Now that the number of countries issuing hand-engraved, recess-printed stamps seems to be dwindling ever further, it might become feasible to keep up to date with new issues. At least, that's what I told myself when I read the latest New Issue Guide in Stamp Magazine. So I decided to get some in.
And that's how I ended up in the Faroe Islands. And here you see the result of my modest spending spree. And though I like the general idea, I'm less sure now that I've put it into practice.
Unfortunately, many stamps nowadays are printed in a combination of processes, so that the actual engraving does not always (or hardly ever) stand out. Do I care to fill my stockbooks with these?
It's not that I'm doing them down, it's just that they're basic stamps, not the engraved wonders of old. So maybe my newly thought up plan has already come to a premature halt! The only stamp that would qualify if more stringent criteria are adapted, is the 2016 Nolsoyar Pall stamp, engraved, like most others in this post, by Martin Mörck.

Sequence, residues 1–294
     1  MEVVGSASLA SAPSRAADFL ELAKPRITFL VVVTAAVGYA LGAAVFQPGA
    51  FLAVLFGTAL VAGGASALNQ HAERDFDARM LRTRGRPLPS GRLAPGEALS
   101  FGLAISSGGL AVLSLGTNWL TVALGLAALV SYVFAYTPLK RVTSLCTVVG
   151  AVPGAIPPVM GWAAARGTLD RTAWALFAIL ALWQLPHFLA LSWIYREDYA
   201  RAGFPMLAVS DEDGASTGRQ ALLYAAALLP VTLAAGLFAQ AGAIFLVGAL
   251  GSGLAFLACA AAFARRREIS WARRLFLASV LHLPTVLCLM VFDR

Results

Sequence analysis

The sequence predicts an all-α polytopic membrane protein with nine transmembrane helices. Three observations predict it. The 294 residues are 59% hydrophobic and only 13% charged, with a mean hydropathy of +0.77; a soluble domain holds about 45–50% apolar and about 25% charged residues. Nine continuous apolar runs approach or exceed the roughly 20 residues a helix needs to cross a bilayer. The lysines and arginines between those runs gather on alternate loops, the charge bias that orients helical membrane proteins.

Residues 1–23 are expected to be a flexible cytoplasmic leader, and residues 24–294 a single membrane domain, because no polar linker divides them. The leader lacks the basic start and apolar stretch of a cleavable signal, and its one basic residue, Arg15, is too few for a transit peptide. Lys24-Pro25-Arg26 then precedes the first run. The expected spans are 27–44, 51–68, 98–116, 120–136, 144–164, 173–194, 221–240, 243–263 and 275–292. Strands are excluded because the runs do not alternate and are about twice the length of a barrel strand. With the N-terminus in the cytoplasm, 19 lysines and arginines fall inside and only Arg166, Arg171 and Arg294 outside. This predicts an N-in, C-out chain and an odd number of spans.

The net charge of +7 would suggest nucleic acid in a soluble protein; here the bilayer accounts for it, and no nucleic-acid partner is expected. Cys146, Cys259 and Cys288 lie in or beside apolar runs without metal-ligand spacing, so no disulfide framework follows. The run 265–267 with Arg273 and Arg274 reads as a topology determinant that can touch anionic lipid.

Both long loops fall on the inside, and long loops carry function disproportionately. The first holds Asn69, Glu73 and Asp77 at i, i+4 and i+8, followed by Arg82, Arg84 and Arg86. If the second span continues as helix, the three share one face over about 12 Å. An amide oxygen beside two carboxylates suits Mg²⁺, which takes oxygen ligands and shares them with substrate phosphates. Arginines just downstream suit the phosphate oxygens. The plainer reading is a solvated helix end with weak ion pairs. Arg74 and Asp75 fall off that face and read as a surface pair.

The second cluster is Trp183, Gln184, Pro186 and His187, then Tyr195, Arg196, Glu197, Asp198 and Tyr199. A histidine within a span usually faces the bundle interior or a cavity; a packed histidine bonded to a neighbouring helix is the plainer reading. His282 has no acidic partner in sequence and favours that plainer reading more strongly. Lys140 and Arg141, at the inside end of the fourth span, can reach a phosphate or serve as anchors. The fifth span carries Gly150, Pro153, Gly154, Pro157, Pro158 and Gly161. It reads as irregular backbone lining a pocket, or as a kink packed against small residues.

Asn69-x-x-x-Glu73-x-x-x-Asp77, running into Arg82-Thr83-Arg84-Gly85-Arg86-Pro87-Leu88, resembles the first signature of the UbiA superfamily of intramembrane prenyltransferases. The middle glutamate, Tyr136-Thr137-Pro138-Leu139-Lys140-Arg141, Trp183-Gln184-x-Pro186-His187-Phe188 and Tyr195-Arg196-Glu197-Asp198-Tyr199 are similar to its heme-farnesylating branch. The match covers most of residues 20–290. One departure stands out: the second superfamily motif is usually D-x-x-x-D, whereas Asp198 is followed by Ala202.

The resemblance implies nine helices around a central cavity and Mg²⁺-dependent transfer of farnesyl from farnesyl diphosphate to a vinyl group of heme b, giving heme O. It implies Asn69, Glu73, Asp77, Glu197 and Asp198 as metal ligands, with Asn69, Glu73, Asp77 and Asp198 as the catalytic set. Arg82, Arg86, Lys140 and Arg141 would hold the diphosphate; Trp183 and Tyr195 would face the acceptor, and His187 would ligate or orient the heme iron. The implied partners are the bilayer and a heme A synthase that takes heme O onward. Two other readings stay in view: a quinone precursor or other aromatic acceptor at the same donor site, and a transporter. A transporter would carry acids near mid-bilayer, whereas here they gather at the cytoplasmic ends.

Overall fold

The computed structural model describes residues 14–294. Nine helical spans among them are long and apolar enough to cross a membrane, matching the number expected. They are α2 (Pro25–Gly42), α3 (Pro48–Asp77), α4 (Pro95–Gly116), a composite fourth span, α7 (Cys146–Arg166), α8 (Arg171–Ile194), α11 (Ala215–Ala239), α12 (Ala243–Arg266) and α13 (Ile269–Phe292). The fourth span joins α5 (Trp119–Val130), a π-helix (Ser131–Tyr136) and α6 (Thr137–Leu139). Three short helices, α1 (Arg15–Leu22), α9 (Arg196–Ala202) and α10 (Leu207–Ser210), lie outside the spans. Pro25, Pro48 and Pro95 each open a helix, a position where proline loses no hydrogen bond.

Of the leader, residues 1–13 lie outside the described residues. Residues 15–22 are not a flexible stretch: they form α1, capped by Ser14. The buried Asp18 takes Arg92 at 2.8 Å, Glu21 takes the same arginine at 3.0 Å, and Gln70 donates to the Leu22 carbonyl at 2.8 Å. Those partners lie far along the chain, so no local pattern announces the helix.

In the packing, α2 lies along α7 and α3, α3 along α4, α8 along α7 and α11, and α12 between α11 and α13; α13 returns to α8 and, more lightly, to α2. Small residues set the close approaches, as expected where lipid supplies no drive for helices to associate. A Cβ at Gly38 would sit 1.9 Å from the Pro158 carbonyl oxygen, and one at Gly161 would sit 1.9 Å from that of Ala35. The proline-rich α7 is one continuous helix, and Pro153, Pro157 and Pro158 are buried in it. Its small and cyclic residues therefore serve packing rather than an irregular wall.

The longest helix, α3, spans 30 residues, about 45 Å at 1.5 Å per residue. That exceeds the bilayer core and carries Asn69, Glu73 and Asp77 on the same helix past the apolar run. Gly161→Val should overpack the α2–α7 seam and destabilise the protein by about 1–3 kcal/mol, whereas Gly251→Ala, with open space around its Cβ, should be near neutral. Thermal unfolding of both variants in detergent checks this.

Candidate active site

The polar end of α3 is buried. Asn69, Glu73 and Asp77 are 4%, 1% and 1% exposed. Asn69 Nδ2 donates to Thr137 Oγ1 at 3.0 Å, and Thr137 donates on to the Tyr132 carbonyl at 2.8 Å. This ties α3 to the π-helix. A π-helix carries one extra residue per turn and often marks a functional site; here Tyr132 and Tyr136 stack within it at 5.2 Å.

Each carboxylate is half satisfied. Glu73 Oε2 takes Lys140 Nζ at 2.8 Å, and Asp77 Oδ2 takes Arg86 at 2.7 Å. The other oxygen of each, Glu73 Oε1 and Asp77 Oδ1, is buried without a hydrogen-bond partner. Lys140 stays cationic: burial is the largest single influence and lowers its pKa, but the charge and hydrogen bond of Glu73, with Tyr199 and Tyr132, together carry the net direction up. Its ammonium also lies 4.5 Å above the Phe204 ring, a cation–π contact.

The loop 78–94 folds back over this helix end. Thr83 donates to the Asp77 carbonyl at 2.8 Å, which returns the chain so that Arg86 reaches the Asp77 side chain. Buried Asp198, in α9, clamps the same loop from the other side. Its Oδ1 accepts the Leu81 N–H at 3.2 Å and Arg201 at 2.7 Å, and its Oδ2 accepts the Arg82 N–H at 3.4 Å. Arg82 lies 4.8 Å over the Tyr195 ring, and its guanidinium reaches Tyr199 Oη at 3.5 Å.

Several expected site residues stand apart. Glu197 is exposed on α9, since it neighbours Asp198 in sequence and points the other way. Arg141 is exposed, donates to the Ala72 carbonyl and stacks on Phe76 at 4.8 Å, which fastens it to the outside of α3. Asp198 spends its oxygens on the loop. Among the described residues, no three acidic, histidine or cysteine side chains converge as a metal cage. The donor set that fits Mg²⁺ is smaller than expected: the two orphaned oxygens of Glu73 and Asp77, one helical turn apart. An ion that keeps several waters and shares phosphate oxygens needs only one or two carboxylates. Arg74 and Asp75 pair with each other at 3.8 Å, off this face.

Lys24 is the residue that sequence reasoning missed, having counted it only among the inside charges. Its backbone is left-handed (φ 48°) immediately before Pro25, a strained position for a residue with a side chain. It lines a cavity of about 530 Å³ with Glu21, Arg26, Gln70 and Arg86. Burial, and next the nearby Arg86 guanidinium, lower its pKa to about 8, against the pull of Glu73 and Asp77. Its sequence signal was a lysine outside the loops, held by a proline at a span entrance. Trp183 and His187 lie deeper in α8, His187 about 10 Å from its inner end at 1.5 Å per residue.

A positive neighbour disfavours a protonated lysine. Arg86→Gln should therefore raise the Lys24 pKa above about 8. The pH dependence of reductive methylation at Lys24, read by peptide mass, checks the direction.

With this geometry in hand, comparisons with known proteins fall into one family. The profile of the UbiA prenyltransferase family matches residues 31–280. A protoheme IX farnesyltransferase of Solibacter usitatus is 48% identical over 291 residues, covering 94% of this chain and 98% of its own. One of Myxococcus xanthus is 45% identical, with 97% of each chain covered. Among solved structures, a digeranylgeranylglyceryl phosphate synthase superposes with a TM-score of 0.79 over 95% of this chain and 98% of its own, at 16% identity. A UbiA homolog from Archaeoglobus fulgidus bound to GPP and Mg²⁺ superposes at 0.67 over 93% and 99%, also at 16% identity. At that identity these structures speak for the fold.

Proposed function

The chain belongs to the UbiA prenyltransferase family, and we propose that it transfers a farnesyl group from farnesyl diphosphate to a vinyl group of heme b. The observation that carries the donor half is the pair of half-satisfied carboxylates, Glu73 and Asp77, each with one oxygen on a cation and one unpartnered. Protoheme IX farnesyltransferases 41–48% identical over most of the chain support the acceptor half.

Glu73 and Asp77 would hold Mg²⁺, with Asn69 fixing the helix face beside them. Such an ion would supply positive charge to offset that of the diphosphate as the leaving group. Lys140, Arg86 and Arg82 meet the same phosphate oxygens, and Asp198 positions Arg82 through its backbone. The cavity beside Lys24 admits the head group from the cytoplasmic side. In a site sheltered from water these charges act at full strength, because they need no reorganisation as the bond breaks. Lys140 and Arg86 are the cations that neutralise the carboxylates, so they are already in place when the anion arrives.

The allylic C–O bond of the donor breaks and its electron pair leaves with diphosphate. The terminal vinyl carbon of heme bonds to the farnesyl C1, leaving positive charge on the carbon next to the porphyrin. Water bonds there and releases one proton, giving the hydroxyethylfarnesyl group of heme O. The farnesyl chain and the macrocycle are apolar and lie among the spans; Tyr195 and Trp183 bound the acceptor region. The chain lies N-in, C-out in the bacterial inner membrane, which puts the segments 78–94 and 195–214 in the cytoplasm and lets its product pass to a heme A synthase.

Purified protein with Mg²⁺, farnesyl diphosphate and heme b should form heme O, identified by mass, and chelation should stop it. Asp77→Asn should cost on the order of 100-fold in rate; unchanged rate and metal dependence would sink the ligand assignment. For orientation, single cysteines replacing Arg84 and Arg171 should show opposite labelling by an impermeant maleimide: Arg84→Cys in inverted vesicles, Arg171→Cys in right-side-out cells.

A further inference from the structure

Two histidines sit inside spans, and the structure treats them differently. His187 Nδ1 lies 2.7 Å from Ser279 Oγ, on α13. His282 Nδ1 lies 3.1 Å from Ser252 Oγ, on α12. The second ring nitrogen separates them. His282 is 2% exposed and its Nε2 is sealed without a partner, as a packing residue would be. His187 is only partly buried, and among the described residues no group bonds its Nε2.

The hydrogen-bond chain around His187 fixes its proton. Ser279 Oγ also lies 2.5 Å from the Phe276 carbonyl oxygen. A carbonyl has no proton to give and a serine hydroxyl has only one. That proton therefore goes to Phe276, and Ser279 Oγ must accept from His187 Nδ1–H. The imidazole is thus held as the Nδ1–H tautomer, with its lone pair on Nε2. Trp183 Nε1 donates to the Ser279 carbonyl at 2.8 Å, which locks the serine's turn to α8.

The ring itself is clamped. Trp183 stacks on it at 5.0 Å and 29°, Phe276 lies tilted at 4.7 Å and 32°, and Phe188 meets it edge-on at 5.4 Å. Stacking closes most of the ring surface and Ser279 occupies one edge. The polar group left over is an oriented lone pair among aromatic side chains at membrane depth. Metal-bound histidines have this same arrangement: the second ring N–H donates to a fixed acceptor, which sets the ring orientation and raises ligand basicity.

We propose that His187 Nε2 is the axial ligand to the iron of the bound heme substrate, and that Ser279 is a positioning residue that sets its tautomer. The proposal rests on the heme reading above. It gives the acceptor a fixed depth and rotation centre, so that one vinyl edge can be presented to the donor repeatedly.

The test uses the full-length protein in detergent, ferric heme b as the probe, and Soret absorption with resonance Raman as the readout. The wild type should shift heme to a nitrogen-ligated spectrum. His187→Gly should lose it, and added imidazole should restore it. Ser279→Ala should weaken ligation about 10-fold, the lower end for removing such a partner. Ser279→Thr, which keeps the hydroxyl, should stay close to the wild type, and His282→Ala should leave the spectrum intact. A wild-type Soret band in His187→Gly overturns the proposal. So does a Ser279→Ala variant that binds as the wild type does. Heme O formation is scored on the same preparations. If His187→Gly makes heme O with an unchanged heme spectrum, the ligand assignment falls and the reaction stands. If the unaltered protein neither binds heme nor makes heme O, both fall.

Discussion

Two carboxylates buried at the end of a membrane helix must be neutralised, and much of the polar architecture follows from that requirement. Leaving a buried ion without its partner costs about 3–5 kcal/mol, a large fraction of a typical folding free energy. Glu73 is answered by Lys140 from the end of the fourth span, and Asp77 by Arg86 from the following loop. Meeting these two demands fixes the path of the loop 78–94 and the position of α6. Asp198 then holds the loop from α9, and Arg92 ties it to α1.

At least here we have a stamp which is predominantly engraved and which lets you actually enjoy that engraving. So thumbs up for that one.
On the other end of the spectrum we find a stamp issued in 2013. It duly mentions Bertil Skov Jorgensen as the engraver and from the website it looked like a stunner. But now that I've actually got it, I would say it is anything but recess-printed. It feels as smooth as a baby's bum and when holding the stamp to the light at any angle, the usually matt engraved parts do not show at all. Yet, all bumph I read about it does say that it is printed in recess!
So what's going on here? Do any of you have any more information on this particular stamp? Hope so!